Attitudes toward tech writers (Was: Re[2]: secretary's day)

Subject: Attitudes toward tech writers (Was: Re[2]: secretary's day)
From: Penny Staples <pstaples -at- AIRWIRE -dot- COM>
Date: Wed, 22 Apr 1998 16:01:01 -0500

This isn't just about "What to do if one is mistaken for a secretary". I
think the real issue we're discussing is how others (management, co-workers)
perceive Tech Writers in the workplace.

Some professions seem to have a prestige that goes with the job title (e.g.,
Doctor, Mechanical Engineer). Most people have some idea about what they do
for a living. However as a Tech Writer, I often run into people who haven't
worked with someone in my profession before, and who have no real idea of
what we do.

If people like this develop the idea that writing and editing are jobs that
can be performed by clerical staff, then the profession becomes devalued for
us all. Why hire a writer for $40 an hour or more when we can get the "girls
in the office" to do it for $12 an hour? (I've seen this one happen).

I'm interested in finding out what strategies others are using to make sure
they get taken seriously as professionals (seriously enough to get salaries
in the same pay range as developers). Here are the things that occur to me:

- Write well and write quickly (shouldn't need to be said, I know).
- Market yourself. Let your co-workers know what you're working on.
- Get involved in project meetings.
- When it's appropriate, look for opportunities to expand your role (e.g.,
information management on a web-site).
- Keep up with trends in your profession, including changes in technology
and tools.

Penny Staples
pstaples -at- airwire -dot- com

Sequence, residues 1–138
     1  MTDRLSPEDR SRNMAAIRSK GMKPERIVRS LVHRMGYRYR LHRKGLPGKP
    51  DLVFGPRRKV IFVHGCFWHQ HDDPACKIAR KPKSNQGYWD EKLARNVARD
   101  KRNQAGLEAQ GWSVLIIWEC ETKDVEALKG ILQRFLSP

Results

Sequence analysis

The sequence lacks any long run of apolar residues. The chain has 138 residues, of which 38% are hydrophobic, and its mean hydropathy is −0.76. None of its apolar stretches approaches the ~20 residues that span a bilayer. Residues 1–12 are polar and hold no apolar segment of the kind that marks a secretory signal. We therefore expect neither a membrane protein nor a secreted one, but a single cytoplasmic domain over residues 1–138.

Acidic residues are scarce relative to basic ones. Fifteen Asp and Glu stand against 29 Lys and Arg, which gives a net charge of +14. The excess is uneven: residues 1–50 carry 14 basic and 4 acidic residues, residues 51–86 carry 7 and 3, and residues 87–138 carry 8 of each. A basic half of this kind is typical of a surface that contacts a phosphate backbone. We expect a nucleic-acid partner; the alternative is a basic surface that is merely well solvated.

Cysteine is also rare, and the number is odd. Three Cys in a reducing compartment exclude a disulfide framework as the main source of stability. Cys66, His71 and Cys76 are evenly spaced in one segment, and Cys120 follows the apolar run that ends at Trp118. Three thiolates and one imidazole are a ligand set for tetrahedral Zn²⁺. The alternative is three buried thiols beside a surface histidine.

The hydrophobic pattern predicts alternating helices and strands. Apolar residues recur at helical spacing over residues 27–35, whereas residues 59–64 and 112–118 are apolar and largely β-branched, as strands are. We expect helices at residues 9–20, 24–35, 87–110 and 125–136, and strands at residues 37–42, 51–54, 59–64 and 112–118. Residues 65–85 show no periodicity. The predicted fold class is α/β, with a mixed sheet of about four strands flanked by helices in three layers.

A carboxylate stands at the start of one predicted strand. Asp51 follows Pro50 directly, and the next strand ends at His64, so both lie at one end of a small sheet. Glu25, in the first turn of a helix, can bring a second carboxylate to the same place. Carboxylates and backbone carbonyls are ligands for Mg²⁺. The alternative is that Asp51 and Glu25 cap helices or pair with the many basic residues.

-----Original Message-----
From: Walker, Arlen P <Arlen -dot- P -dot- Walker -at- JCI -dot- COM>
Date: April 22, 1998 3:18 PM
Subject: Re[2]: secretary's day

> John, I'm so glad you don't mind being called a secretary. I have a
> 300 page manuscript for which the file has been deleted. Somehow, we
> can't find the file for this document anywhere. Fortunately, we do
> have a hard copy, so someone can re-type it into a new file.
>Sure. Drop it in the sheet feeder over there on the scanner and I'll email
>you the file for proofreading in a little bit. ;{>} Wonderful invention,
>OCR software. Don't understand how offices got along without it.
>Seriously, I think this is blowing it a little out of proportion. The
>original poster didn't have anyone asking her to do secretarial work, all
>she had was some well-intentioned but misguided individual trying to do
>something nice for her.
>Have fun,
>Chief Managing Director In Charge, Department of Redundancy Department
>DNRC 224
>Arlen -dot- P -dot- Walker -at- JCI -dot- Com
>In God we trust; all others must provide data.
>Opinions expressed are mine and mine alone.
>If JCI had an opinion on this, they'd hire someone else to deliver it.

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